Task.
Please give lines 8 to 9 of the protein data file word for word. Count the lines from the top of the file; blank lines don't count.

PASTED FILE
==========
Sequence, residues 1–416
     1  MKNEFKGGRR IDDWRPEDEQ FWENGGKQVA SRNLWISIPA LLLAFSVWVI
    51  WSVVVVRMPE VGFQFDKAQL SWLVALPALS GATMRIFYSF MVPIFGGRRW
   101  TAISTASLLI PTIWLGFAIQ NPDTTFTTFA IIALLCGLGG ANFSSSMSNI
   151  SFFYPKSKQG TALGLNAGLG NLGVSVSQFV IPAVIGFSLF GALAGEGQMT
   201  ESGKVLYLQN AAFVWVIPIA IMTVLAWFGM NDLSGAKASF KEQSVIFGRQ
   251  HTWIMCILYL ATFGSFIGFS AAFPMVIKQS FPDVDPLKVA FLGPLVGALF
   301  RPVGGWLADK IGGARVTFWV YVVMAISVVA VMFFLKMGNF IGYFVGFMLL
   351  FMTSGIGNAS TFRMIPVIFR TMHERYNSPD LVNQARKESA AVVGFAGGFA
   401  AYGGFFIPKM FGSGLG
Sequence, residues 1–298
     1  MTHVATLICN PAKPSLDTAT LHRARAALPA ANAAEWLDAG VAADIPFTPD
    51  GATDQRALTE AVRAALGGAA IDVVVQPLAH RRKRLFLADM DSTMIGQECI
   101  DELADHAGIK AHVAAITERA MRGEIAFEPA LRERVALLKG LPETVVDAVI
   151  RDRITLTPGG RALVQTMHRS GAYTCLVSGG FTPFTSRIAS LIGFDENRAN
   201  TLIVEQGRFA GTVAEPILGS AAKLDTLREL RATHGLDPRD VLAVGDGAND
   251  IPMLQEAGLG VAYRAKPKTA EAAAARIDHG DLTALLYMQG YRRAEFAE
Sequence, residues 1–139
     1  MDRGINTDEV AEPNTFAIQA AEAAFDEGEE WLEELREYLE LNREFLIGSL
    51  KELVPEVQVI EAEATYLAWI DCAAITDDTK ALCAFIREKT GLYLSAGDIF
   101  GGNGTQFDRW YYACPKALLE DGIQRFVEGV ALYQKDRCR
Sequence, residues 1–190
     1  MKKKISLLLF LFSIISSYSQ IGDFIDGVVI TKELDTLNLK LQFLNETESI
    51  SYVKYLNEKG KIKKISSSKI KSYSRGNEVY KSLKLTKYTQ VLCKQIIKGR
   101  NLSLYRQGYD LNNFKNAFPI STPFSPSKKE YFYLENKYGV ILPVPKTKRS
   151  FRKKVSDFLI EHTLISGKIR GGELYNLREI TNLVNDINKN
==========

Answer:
   301  RPVGGWLADK IGGARVTFWV YVVMAISVVA VMFFLKMGNF IGYFVGFMLL
   351  FMTSGIGNAS TFRMIPVIFR TMHERYNSPD LVNQARKESA AVVGFAGGFA